British Columbia

Monument helps Louis Creek residents after 2003 fire

Widspread fires forced thousands of British Columbians from their homes in 2003. Ten years later, the CBC's Elaine Chau vists the Wildfire Dragon Monument.

The Wildfire Dragon Monument was designed and carved by Michael Morris

The Wildfire Dragon Monument was dedicated on July 26 2008. (Elaine Chau/CBC)

In August of 2003, thousands of people fled their homes because of widespread fires across the province.

In the community of Louis Creek, people came to terms with the devastation of the McLure fire by building the Wildfire Dragon Monument.

Ten years after later, the CBC's Elaine Chau visited Louis Creek and met two of the people involved in building the monument.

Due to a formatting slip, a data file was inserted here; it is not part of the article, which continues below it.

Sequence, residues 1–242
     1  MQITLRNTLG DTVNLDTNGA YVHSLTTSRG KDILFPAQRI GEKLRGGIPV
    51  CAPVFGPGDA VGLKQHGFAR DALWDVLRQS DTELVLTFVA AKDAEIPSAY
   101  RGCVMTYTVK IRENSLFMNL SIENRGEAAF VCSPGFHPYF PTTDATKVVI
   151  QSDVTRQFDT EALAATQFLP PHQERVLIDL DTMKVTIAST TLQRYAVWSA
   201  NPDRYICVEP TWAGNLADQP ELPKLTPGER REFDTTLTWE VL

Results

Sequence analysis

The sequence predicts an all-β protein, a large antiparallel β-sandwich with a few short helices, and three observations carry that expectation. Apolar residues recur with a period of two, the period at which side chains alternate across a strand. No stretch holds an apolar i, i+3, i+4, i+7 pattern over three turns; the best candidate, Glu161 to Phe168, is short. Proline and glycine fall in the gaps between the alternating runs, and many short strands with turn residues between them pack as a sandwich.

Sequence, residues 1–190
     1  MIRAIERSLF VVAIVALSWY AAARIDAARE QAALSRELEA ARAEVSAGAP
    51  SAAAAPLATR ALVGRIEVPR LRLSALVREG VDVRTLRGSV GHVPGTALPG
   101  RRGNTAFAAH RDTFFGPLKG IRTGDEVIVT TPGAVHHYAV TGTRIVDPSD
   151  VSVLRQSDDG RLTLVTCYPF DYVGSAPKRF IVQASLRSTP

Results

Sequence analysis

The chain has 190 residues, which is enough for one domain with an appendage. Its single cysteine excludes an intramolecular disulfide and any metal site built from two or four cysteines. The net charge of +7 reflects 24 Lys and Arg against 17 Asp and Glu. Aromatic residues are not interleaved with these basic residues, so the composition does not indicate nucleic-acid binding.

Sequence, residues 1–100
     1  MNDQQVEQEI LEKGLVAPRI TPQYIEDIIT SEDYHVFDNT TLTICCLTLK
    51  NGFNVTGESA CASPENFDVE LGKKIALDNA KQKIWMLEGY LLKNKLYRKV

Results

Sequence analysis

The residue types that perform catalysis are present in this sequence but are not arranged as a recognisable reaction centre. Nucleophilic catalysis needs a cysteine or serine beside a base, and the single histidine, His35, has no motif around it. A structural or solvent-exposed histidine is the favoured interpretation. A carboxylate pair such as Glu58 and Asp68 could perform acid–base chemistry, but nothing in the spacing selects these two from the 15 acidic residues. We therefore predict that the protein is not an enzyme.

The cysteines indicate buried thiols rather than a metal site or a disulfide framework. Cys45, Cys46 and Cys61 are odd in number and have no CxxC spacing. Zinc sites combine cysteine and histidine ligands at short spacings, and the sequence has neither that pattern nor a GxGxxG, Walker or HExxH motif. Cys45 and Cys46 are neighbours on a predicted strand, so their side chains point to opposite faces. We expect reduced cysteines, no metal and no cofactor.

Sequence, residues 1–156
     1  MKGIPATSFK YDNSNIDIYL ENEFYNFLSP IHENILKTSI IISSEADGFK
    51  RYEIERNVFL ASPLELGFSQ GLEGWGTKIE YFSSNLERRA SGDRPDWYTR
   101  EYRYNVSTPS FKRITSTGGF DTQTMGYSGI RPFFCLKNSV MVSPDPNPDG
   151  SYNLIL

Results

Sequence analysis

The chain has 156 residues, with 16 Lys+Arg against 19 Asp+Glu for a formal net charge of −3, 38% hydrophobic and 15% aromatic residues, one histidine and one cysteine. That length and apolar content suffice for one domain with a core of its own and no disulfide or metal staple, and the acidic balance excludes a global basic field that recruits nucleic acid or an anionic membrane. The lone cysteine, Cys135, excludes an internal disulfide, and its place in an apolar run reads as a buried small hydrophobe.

Michael Morris

Michael Morris designed the Wildfire Dragon Monument after he heard people describing the wildfires as a living, breathing entity with a strong temperament and an unpredictable nature.

Elaine Chau/CBC

More than 800 people turned up for the dedication of the monument, to thank all the people who had helped Louis Creek in its time of need.

Elaine Chau/CBC

Jill Hayward lost her home in the McLure fire. As the president of the McLure Wildfire Monument Society, she says the single most important purpose of the carving and the monument is the sense of closure people have found.

Josh Page/CBC

Louis Creek's hillsides are slowly recovering from the fires of 2003.

You can follow the CBC's Elaine Chau on twitter @echaudaily